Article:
Updated: Sep 7, 2021
We hear about it a lot, but do we actually know the benefits of composting or the science of composting? This blog aims to do an analysis of energy, pollution, and costs involved and eventually the immense benefits thereof!
At this crucial time in human history when we need to adopt sustainable practices or risk destroying the environment, permanently. We must understand the importance of composting before we decide to go for it. The benefits are listed as below:
Here are five benefits of composting:
The soil gets important nutrients as compost is humus-rich in nutrients.
Adds valuable microbes to the soil, such as bacteria, fungi, and protozoa.
Recycles kitchen and garden waste.
Reduces landfill waste, lessening pollution.
Makes the environment strong and healthy ensures a better future!
However, I don’t think that most of my peers offering waste management services are taking the world in the right direction. There are organizations that are into various types of composting. It does no harm to know as much as possible!
This process naturally plays itself out over 4–5 weeks. By using a carefully curated culture of micro-organisms, you can save about 1–2 weeks. However, any attempts to make it shorter are counterproductive. Let me explain.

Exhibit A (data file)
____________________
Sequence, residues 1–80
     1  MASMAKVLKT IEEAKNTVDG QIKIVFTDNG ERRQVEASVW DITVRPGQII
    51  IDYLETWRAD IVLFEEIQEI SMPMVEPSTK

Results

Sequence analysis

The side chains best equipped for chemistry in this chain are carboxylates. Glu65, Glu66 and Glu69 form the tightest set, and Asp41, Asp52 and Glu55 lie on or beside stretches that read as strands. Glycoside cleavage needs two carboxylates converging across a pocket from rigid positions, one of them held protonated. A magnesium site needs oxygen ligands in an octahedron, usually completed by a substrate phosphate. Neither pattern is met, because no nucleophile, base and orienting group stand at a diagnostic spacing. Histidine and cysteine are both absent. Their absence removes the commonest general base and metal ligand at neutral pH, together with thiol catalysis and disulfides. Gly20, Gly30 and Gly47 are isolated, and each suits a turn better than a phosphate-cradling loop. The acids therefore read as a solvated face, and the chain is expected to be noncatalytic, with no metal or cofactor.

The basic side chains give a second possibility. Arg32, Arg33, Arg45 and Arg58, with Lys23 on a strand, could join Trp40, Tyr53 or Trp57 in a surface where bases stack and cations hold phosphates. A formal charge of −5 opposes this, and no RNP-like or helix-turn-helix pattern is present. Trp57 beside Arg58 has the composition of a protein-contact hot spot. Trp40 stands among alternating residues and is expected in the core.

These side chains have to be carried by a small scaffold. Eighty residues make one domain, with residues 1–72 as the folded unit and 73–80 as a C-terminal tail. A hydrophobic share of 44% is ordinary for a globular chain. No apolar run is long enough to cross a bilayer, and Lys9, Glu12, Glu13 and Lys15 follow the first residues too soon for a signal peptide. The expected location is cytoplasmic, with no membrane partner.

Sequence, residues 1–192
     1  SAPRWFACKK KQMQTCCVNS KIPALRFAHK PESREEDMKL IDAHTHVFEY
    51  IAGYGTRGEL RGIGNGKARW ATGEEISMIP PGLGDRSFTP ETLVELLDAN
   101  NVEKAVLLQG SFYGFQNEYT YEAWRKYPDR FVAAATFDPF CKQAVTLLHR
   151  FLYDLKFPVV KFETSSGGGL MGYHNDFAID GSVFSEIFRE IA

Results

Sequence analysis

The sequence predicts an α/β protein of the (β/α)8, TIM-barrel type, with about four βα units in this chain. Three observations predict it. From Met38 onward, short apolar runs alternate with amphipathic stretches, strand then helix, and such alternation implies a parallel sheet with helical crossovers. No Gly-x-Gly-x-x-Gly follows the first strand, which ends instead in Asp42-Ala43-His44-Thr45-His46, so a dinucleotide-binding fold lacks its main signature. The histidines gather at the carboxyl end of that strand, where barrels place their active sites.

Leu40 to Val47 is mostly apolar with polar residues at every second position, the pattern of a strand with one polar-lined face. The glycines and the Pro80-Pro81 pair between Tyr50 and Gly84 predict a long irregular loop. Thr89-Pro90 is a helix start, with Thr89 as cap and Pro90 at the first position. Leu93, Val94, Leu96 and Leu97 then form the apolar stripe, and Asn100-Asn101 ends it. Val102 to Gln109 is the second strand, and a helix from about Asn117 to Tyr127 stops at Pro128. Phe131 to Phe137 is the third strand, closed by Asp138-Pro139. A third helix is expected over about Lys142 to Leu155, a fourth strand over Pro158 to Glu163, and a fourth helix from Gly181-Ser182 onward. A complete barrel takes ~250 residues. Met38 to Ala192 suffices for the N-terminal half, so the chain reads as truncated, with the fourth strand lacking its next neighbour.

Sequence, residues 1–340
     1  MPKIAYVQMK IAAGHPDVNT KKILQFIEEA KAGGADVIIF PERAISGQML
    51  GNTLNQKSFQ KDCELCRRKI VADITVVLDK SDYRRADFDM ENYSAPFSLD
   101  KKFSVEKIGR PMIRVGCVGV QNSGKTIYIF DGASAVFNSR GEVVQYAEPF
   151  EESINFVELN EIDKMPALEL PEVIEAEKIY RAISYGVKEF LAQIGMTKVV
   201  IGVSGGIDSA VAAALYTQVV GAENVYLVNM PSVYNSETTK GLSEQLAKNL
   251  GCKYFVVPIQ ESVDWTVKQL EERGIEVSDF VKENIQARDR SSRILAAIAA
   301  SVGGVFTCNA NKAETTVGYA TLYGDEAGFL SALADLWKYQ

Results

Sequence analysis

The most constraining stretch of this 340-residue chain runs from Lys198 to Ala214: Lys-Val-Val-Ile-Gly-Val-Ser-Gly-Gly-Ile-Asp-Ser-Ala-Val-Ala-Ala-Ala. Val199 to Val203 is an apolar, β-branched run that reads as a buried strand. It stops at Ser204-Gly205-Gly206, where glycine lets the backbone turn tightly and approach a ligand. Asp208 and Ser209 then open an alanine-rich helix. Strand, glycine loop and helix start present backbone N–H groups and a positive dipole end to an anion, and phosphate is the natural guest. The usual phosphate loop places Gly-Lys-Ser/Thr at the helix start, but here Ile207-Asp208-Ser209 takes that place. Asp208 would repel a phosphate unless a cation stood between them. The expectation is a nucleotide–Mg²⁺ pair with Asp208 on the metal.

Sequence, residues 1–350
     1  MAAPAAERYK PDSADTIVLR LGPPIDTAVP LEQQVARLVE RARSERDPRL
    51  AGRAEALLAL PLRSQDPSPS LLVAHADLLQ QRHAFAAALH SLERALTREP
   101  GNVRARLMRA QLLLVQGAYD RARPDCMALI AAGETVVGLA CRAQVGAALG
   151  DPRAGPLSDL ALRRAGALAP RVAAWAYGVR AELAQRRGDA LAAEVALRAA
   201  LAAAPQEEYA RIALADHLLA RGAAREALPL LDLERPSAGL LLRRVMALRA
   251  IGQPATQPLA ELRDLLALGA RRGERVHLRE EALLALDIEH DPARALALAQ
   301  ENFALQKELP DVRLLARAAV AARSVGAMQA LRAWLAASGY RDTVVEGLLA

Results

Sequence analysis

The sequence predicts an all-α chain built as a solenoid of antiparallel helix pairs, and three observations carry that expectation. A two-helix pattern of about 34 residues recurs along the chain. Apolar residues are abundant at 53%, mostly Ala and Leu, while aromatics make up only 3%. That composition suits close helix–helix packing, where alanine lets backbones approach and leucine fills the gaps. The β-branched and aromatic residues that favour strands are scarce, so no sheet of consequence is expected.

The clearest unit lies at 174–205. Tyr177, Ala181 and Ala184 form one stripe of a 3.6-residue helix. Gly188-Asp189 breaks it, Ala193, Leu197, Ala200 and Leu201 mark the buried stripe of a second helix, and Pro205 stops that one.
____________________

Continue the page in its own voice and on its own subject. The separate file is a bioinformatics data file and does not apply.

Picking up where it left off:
Forced Drying Machines are Counterproductive to Composting
Some Waste converters use artificial heating systems to evaporate the water faster.
The dried powder that stays behind, however, is extremely hygroscopic — which means that it absorbs water that it finds around it, and forms larger clumps of organic matter. If you use it as compost, it will rot in the open soil, attract flies and insects and will smell excessively bad. Even after curing it for 10–15 days, as most vendors suggest, the quality of compost is not optimum.
Artificial heating also burns the organic matter which emits harmful gases like Carbon Monoxide, Carbon Dioxide, Methane, and Nitrous gases. All of these gases are more harmful than CO2 alone, as far as global warming is concerned.
The heating systems also consume unnecessary energy and release harmful gases. These are precisely the effects that wet waste composting hopes to undo. This is why I call such systems counterproductive.
*It takes 1 electrical unit to evaporate about 10 kg of water. India produces over 60 million tonnes of waste every year, of which 60% is organic waste suitable to make compost. About 10% of this is being treated at the source, which leaves us with approximately 32 million tonnes of organic waste to be treated. Even if forced drying machines were to treat 30% of this, i.e., 10 million tonnes, they’d end up using 1 billion units of electricity. At 8 US cents a unit, this amounts to an electricity bill of $80 million ~ 500 crores. Every year.
I see the true value of composting in being adopted as a distributed practice. We can all make a cleaner world by choosing to take care of our own waste locally, at an individual level, making compost at home, and using the compost to make our cities greener!
All it needs is your dustbin, bacterial culture and maybe, a large fork to till the soil.
We can also start using eco-friendly and natural products for home, kitchen, and toilet hygiene. Check out some of those products here.